Name: margalit
Location: Massachusetts, United States Professional writer, educational advocate, opinionated ultra liberal mother of 18 year old twins, living life in the slow lane due to hypertrophic cardiomyopathy, congestive heart failure, and diabetes.

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Friday, April 18, 2008

The Jewish Suburban Woman Cooks Tsimmes

Tsimmes is a very old and traditional food, made with sweet potatoes, dried fruits, carrots, and onions. It can be meatless, or can be made with a brisket. I use a modified version of Joan Nathan's Sukkot Tsimmes to make my tsimmes my own. So let's get started, shall we?

The Cast of Characters:

A beautiful and rather enormous brisket, sweet potatoes, prunes, apricots, a large sweet onion, chicken fat (oh come on, it's a holiday...schmaltz once a year won't kill you!), a bag of carrots, honey, nutmeg, cinnamon, and an orange.

Doesn't sound all that appetizing so far, but you just wait. It's gonna look better and better as we layer on the goodness.

First I unwrap the brisket and unfold it. Yes, that sucker is folded in half. It's one hell of a slab of beef. Once it's unfolded I rinse it off carefully and set it down on a cutting board. I take a nice big spoonful of the schmaltz, put it in the bottom of the baking pan, and melt it on the stovetop.

Once the chicken fat is melted, I season the meat with salt and pepper, and lightly brown it on both sides in the schmaltz. Careful, schmaltz smokes... a lot. Do this with your doors open to let out the smoke or the firemen will come and want to stay over and eat. Firemen eat a lot.

Ok, we've seasoned the beef, and now we're going to slice up the gigantic onion into nice big chunks. You don't want to lose them in the middle of the tsimmes, so I cut the onion into quarters and slice each quarter. Layer the onion slices on top of the slab of beef.

Next, it's time to slice up the carrots and sweet potatoes. No fancy schmancy cutting here, just slice those suckers up and add them to the pan. You want to keep the sweet potatoes rather thin so they will cook through in the oven.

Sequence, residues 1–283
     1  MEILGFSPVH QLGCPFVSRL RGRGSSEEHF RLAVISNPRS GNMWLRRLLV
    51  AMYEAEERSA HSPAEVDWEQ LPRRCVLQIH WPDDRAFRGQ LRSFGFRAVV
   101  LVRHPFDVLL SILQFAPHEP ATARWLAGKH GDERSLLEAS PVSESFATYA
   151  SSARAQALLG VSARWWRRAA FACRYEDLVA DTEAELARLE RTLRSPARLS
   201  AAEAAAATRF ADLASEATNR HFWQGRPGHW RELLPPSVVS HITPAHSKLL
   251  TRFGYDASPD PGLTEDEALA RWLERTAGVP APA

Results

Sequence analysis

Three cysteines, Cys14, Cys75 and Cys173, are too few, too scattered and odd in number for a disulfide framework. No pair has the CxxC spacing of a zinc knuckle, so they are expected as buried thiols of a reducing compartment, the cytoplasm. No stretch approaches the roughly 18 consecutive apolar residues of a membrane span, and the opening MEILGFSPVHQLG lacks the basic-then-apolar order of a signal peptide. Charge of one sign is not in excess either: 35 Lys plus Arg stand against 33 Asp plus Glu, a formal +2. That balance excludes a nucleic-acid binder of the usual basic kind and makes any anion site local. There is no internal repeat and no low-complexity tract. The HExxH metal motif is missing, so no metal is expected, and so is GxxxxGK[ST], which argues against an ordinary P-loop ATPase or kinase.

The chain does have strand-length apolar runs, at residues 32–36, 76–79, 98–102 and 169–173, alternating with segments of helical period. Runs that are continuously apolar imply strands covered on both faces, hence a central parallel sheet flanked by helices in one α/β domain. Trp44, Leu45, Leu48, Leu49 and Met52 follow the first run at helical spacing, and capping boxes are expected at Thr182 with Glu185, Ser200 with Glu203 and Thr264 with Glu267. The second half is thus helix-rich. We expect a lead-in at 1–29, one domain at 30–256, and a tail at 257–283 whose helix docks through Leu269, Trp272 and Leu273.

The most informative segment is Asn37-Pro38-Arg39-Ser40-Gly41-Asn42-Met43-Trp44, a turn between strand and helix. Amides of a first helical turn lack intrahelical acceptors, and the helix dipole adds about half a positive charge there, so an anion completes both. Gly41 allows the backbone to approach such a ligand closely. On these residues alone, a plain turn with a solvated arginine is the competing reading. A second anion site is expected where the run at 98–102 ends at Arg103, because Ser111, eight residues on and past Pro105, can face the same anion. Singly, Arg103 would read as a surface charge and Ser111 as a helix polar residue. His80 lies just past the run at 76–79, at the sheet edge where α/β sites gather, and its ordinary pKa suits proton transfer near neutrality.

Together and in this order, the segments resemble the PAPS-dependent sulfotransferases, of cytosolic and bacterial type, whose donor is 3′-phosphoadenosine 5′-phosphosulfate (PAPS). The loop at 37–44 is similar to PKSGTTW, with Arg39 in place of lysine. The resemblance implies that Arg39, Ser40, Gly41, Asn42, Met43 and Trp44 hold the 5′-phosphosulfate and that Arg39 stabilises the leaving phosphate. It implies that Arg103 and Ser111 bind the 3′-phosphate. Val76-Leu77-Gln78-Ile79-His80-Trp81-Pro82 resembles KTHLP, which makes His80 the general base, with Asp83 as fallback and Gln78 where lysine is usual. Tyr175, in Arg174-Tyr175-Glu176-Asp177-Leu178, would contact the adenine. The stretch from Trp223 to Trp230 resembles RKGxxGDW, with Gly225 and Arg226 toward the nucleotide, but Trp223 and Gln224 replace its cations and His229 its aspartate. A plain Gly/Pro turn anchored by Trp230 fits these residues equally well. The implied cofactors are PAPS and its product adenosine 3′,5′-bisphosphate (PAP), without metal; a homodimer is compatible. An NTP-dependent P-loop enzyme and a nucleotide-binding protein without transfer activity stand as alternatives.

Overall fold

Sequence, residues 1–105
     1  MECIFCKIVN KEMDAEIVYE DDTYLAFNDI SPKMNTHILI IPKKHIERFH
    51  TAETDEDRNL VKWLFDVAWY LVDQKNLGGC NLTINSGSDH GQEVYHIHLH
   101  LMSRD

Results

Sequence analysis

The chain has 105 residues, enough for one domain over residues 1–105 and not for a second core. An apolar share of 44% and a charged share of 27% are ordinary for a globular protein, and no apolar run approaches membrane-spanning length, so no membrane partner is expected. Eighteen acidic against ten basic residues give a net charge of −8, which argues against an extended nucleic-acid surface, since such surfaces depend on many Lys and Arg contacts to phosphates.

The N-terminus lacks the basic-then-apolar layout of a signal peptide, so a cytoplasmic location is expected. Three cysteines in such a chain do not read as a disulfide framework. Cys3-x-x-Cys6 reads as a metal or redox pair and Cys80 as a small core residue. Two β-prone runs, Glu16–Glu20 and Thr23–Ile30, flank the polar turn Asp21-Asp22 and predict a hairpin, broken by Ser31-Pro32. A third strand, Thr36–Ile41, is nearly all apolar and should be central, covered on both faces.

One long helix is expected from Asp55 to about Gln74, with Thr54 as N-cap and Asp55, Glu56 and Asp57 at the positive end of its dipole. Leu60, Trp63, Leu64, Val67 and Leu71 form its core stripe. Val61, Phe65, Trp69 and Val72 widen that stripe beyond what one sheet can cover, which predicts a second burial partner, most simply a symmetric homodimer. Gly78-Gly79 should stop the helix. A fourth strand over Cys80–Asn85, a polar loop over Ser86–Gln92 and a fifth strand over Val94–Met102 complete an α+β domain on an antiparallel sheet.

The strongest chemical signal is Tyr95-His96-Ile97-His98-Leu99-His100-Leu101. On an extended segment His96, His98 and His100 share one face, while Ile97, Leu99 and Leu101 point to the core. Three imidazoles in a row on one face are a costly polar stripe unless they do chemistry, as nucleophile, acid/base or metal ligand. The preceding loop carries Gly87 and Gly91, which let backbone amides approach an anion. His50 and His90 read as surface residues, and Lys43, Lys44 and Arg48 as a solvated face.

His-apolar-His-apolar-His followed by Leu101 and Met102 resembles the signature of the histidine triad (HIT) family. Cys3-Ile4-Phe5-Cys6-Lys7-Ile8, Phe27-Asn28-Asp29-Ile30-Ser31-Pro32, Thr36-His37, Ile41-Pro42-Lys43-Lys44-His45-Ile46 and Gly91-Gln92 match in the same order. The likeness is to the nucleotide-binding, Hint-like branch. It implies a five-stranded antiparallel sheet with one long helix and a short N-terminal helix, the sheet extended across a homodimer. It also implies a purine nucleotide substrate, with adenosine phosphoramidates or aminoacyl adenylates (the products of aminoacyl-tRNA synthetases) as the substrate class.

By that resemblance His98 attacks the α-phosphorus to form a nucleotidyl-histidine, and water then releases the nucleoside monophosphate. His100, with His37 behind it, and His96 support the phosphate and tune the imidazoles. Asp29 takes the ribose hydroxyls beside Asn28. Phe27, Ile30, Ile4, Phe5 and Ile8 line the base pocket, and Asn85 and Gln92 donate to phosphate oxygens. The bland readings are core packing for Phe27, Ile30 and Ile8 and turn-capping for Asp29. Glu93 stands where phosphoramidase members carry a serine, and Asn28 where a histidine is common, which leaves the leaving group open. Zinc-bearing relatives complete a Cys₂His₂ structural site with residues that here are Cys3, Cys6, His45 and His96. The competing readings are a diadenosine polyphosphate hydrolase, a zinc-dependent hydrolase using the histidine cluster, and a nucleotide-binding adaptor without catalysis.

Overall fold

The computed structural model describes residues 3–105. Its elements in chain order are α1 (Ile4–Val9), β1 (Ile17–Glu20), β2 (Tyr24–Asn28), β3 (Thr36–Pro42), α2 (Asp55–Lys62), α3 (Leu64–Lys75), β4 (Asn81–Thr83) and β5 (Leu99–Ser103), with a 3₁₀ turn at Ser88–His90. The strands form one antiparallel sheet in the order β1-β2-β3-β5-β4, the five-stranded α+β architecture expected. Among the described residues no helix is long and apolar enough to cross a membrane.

Oh, you better preheat your oven just about now. I cook my tsimmes at 350, but Joan says 375. I like a slower cooking brisket myself.

The next step is to add the dried fruit. Now, my mom made tsimmes with a bunch of different dried fruits and even added golden raisins (which are SO much better than brown raisins), but I'm more of a purist. I like dried fruit. I like it a lot. But anyone that spends a week eating matzoh in it's various forms knows that dried fruit is more than a nice snack, it's the one thing keeping you out of the hospital ER for a bowel obstruction. So in my house, we use apricots and prunes in the tsimmes and then eat the other kinds of dried fruit all week long. Aren't you glad I shared this little tidbit?

Prunes first, then the apricots.

Now it's time for some seasonings. I peel off the zest of one orange, chop it up and add it to the pan. Then I squeeze the orange juice into the pan as well.

You can barely see it in this picture, but I also add honey to the mix, and 1/4 cup in total. But I don't measure. I just squeeze the honey until it looks like enough.

Spices? Yup, cinnamon and nutmeg both get shaken over the top of the pan.

Then I add enough water (but you could use beef stock too) over the top to cover the meat, about 3/4 of the way to the top of the pan. I pour about 2 cups, maybe up to 3 cups total.

Ok, it's pretty much made, and now we have to cook this baby slow and long. First I get out the gigantic length of extra strength foil, and wrap the entire pan top to bottom. I know it's going to leak all over my stove. It aways does.

And this, my little pixies, it what it looks like when you've cooked it, and then opened the foil to let the steam escape.

I think I should have turned that photo around, eh?

Now it has to cool off for a while, and then I'll skim the fat off the top, and it will be all delicious and moist and savory and sweet all at the same time.

See, just like Bubbe used to make!

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Blogger Daisy said...

Mmmm. I don't know any firefighters, but I can think of a lot of food-loving folks who would love to stay to eat. Have a wonderful Passover!

19/4/08 12:25 PM  

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